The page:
So, I decided to wave back as sadness left me and accept its offer to have a good day.

Expectations

I still find it upsetting when my expectations are not met. It doesn’t seem to matter what size they are, the unsatisfied feelings I get are pretty much the same. Some part of me knows there is a wealth of value in every experience of my life, but, when I’m in the moment, I often can’t see that.

Here’s a real-life example.

Despite all of my best efforts, my first website post wasn’t visible on Sunday, October 4, 2020 at 7:30am as I’d promised and I’d expected.

I confess, I panicked. I sat in front of my computer, frustrated, unhappy and frankly more than a little angry. And, I had no idea how to fix the problem. I believe I might even have said a bad word or two. Okay, I did say a bad word of two.

Even though I eventually found a work-around, I realized I had many more changes that needed to be made so that you could navigate more easily. And, so that you can share your comments and read those which others have written. I’m still working on these.

Looking back, I understand that I reacted very emotionally. Nothing specifically wrong with that, after all, I am human. But, were my reactions helpful and what might have served be better?

Well for one thing, I could have stopped and allowed myself to sit in stillness. I could have breathed in and out slowly until my emotions came to a halt. And, I could have allowed a part of me to stand at a distance and observe what was going on inside of me. From this place I could have acknowledged my feelings, encouraged them to speak to me and embraced them. If I had, I might have understood what was beneath the surface. I might have realized that each feeling came to serve me and offer me a message.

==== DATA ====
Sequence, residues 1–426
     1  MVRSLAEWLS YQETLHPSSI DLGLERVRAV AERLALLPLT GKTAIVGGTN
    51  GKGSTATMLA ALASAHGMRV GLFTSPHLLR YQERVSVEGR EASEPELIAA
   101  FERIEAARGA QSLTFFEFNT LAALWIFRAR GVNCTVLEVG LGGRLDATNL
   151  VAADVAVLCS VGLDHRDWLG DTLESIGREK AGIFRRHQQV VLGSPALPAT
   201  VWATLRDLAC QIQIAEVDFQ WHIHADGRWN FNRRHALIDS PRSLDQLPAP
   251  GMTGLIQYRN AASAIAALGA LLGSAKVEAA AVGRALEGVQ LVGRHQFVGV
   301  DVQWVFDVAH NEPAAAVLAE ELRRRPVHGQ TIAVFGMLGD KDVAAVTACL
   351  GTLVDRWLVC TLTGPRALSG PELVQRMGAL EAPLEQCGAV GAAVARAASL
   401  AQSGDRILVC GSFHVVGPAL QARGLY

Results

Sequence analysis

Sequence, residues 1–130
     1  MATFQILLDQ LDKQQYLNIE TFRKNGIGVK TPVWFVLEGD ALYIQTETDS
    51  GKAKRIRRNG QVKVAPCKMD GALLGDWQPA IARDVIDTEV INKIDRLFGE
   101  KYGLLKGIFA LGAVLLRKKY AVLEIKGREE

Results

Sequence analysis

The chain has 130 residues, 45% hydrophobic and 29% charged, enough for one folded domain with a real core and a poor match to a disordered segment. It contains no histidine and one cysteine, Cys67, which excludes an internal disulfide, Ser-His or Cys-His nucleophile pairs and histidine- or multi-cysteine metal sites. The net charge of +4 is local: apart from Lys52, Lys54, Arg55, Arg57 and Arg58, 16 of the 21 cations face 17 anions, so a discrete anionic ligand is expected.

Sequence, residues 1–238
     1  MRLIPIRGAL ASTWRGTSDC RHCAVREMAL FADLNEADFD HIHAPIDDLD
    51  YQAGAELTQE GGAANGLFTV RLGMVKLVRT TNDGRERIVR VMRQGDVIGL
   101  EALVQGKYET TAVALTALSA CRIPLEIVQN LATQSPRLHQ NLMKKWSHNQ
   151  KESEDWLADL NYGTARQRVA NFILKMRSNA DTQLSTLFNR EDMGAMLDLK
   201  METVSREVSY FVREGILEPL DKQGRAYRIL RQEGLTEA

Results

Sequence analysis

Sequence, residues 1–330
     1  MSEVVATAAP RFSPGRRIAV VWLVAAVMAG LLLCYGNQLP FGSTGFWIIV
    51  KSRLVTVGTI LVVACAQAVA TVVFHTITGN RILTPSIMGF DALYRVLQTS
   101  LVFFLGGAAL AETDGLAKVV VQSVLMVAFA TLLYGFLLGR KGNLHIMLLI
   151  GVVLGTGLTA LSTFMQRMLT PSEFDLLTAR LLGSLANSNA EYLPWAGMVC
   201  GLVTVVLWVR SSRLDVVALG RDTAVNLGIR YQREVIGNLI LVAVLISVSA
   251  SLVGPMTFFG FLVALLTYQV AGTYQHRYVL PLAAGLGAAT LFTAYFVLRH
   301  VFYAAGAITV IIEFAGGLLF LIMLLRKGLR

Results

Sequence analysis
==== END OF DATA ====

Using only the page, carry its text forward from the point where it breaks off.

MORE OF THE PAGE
Many years ago, my wonderful friend and Unity minister, Jim Fuller, shared in one of his sermons that it is very important to ‘feel your feelings’. This idea was a foreign concept to me and had not been a part of my cultural training. And yet, I sensed how significant and necessary it could be for me.

So, I began expressing my feelings in a daily journal. It’s been almost six years and I’m still writing every day and discovering truths hidden beneath the surface.

And now, back to my opening paragraph about my unmet expectations. When I stood still and gently breathed in and out and let my intense emotions drain away, I found that my fear of failure sat directly on top of me. Fear that I could not manage the technology necessary to communicate with you. Fear, that despite my deep desire, I could not keep my promises to you and share my thoughts based on when I said I would.

So, I turned to Lia, one of my names for (god), which stands for ‘love in action’, and asked for her wisdom.

She reminded me of a simple, yet powerful message she’s offered me in the past, “just show love”. These words sunk into me and allowed the power of my expectations, and the fears underneath them, to fade away, replaced by a marvelous sense of love.

I hope to remember this wisdom sooner next time.